Stanley Film Fest 2014 Recap, Highlights & the Future

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Stanley HotelThe organizers of the 2014 Stanley Film Festival have concluded another incredible year at the Stanley Hotel in Estes Park, Colorado. And trust me when I say this: This is a genre festival for genre fans. I'm not easily impressed by fests, so that is saying alot.

When I spent a brief amount of time during the Stanley Film Fest's inaugural year in 2013, I saw ambition, reverence for horror, a sense of community and a ton of promise.

This year, I saw all of those qualities, but above all…growth.

I took the trip this year because the event asked that Rebekah McKendry (of Fangoria) and I bring our popular L.A. event, Dead Right Horror Trivia, to Colorado. But this, of course, was a work trip in more ways than one – as you can see from the film review coverage I've been slowly rolling out here at Shock.

For the four days I spent at the famous hotel – where Stephen King got his inspiration for "The Shining" – I was wrapped up in the film program (where I finally got to see some great films like What We Do in the Shadows), the panels and other activities that the Stanley Film Fest crew organized to break up the flow of the film program. And I think that's what makes this event so special.

Big Wheel

(Photo: Starry Eyes scribe Kevin Kolsch crashes and burns during the Big Wheel Death Race.)

In addition to Dead Right Horror Trivia, the fest offered a live performance of Tales from Beyond the Pale, a zombie crawl, a late-night seance, a pretty damn fun Danny Torrance-inspired Big Wheel Death Race, various on-site parties, a whiskey tasting session, ghost tours and – in a rather mind-blowing turn – an immersive game that spanned all four days. What did it entail? Think David Fincher's The Game. This immersive experience begins with an e-mail from a desperate father asking you to help him find his missing boy. Throughout the festival, you gather clues (the doors of my room had strange symbols painted on them) and meet other characters involved in the mystery as you become a key player in a story involving the occult.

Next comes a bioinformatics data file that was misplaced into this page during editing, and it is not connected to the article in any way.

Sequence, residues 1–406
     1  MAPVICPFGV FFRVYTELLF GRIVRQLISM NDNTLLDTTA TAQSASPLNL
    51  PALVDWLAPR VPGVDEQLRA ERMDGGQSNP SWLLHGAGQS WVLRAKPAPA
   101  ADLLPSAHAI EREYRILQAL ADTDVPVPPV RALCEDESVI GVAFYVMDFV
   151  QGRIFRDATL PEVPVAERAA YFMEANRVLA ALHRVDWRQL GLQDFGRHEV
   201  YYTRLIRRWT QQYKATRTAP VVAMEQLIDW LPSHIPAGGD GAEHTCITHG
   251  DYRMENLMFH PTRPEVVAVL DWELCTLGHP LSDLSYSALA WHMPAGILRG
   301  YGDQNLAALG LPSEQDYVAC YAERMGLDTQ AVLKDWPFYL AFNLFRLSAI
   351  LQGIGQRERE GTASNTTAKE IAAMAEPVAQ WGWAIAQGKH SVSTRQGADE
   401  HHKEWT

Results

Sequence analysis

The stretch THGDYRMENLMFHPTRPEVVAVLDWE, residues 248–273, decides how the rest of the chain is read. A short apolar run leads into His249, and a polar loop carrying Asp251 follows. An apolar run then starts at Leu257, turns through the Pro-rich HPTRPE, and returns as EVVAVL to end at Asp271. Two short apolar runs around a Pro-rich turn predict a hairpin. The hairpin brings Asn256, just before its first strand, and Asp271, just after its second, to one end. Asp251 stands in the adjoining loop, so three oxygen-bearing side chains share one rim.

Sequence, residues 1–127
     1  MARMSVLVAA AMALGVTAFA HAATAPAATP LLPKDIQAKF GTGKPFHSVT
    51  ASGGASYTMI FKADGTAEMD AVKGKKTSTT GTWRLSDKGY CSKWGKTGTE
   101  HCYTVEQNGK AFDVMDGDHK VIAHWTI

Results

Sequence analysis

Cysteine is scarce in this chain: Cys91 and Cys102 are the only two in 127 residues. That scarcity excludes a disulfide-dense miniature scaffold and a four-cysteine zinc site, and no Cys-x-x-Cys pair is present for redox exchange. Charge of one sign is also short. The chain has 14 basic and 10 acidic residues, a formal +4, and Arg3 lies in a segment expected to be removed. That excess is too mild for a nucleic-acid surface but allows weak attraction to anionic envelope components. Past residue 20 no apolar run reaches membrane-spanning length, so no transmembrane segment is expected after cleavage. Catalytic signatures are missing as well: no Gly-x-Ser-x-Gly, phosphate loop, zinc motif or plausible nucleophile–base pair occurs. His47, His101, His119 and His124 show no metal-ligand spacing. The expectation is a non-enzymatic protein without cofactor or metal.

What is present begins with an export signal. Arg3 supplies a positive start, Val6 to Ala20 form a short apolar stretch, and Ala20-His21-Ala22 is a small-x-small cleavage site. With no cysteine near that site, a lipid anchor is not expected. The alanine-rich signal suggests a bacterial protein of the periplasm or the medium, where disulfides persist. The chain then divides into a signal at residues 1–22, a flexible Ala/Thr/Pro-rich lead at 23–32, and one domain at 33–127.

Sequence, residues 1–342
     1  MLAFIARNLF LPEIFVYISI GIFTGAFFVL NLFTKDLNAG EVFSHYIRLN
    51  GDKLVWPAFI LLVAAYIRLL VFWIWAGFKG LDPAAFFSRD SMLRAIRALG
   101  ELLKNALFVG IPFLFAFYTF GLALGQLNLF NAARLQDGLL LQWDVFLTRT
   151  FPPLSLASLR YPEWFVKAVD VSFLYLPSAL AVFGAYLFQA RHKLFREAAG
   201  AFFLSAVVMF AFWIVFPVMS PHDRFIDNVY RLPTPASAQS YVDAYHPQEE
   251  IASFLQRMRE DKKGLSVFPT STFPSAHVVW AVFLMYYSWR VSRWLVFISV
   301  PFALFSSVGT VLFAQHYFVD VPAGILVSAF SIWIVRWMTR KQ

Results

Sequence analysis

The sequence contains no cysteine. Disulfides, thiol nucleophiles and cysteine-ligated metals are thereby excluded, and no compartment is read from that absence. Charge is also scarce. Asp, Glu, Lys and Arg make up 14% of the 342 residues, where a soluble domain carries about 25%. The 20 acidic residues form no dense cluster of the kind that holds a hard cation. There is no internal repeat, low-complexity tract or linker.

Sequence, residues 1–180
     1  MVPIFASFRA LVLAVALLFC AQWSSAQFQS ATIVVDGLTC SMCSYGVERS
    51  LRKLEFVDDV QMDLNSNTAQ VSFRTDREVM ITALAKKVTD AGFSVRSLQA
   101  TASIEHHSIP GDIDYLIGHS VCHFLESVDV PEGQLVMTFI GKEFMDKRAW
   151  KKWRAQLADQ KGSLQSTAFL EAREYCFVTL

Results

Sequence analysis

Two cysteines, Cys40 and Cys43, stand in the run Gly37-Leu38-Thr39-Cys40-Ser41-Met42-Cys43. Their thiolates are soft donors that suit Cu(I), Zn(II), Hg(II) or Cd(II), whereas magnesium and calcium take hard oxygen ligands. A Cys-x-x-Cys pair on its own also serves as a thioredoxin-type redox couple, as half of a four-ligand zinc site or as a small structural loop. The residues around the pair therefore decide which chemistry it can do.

I popped into this game every so often. Since I was on the clock most of the time, it was hard for me to commit, however, I attended the "end game" scenario and met a very eager crowd…they were all festival attendees who had been playing. The turnout was amazing. I had never seen anything like it.

If merely planting your ass in a theater for all four days and never leaving the glow of the big screen suits you just fine, then the festival has you covered. There was a ton of great stuff playing, including revival screenings of GremlinsSleepwalkers and Eyes Wide Shut (the Stanley prides itself on The Shining and Stanley Kubrick/Stephen King legacies). Select screenings were followed by Q&As with the filmmakers, too.

Panel-wise, there were two industry-driven discussions: One on the nature of film distribution and another about indie filmmaking (the latter hosted by yours truly). Elijah Wood and his SpectreVision team had a panel all their own as well. It served as a perfect "company spotlight."

If you stay at the Stanley Hotel, three television channels are dedicated to Stanley Film Fest programming. So, before passing out in bed, I'd regularly see what was playing. Films like The BroodDawn of the DeadMagicRoom 237 and both versions of The Shining were on constant rotation along with video of last year's panels.Stanley Film Fest

(Photo: A placemat for the Stanley's Horror Brunch.)

Closing day activities feature a horror brunch where the festival's jury announces the winners of the fest. What We Do in the Shadows took "best feature film." Attendee Joe Dante, meanwhile, received the Stanley Film Fest Master of Horror Award.

Now, here's the good news. The Stanley Film Festival is going to return to Estes Park for a third year. The buzz is already strong for 2015. I'm hearing they're already planning some terrific events. So, if you plan on going, you now have one year to plan for the trip. I love this event's communal vibe (the location helps keep everyone together) and its aspirations. The Stanley Film Fest is one of the good ones, folks. I recommend checking it out if you can.

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